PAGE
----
Current Diabetes Reports

, 19:103 | Cite as

Inpatient Diabetes Education in the Real World: an Overview of Guidelines and Delivery Models

  • Carine M. NassarEmail author
  • Alex Montero
  • Michelle F. Magee
Hospital Management of Diabetes (A Wallia and JJ Seley, Section Editors)
Part of the following topical collections:
  1. Topical Collection on Hospital Management of Diabetes


Purpose of Review

Diabetes self-management education and support improves diabetes-related outcomes, yet less than 50% of persons with diabetes in the USA receive this service. Hospital admissions present a critical opportunity for providing diabetes education. This article presents an overview of the current state of inpatient diabetes education. It incorporates a summary of existing guidance relative to content followed by an overarching discussion of existing inpatient diabetes education models and their reported outcomes, when available.

Recent Findings

As diabetes rates continue to soar and adults with diabetes continue to have high hospitalization and readmission rates, hospitals face challenges in assessing and meeting diabetes patients’ educational needs. The consensus recommendation for inpatient diabetes teaching is to provide survival skills education to enable safe self-management following discharge until more comprehensive outpatient education can be provided. Established and emerging models for delivery of diabetes survival skills education in the hospital may be broadly grouped as diabetes-specialty care models, diabetes non-specialty care models, and technology-supported diabetes education. These models are often shaped by the availability of diabetes specialists, including endocrinologists and diabetes educators—or lack thereof, and staffing resources for provision of services. Recent studies suggest that all three approaches can be deployed successfully if well planned.


This article presents an overview of the current state of inpatient diabetes education. It incorporates a summary of existing guidance relative to content followed by an overarching discussion of existing inpatient diabetes education models and their reported outcomes, when available. The authors seek to make the reader aware of the heterogeneous approaches that are being implemented nationwide for inpatient diabetes education delivery. Meeting inpatient diabetes educational needs will require a sustained effort, diverse strategies based on resources available, and additional research to explore the impact of these strategies on outcomes.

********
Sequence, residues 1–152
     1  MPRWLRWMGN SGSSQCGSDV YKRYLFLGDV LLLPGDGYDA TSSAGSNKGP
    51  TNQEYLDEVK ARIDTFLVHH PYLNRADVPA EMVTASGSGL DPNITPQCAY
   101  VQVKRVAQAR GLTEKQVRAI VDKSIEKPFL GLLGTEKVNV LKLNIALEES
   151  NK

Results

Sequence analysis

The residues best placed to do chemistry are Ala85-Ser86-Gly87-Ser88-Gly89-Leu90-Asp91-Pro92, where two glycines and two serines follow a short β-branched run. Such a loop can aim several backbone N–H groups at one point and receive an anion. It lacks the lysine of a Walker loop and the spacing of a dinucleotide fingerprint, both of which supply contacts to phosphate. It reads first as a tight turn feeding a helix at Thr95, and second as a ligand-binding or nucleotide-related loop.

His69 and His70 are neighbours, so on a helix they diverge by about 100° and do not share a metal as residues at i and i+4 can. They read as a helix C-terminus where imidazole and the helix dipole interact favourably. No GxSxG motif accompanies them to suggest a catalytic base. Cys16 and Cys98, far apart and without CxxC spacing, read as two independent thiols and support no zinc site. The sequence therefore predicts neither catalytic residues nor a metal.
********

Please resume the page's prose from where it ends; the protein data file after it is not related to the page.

Inpatient Diabetes Education 


Funding Information

Michelle F. Magee reports grants from NIH-NIDDK (R34-DK 109503).

Compliance with Ethical Standards

Conflict of Interest

Carine M. Nassar reports other funding from Mytonomy Inc. and Lilly, and institutional support from MedStar Health.

Alex Montero declares no conflict of interest.

Michelle F. Magee reports grants from Mytonomy Inc. and Lilly, speaking fees from the American Diabetes Association, Pri-Med, and Endocrine Society; and institutional support from MedStar Health.

Human and Animal Rights and Informed Consent

This article does not contain any studies with human or animal subjects performed by any of the authors.


Papers of particular interest, published recently, have been highlighted as: • Of importance •• Of major importance

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Copyright information

© Springer Science+Business Media, LLC, part of Springer Nature 2019

Authors and Affiliations

  • Carine M. Nassar
    • 1
    • 2
    • 3
    Email author
  • Alex Montero
    • 2
    • 3
  • Michelle F. Magee
    • 1
    • 2
    • 3
  1. 1.MedStar Health Research InstituteHyattsvilleUSA
  2. 2.MedStar Diabetes InstituteWashingtonUSA
  3. 3.Georgetown University School of MedicineWashingtonUSA

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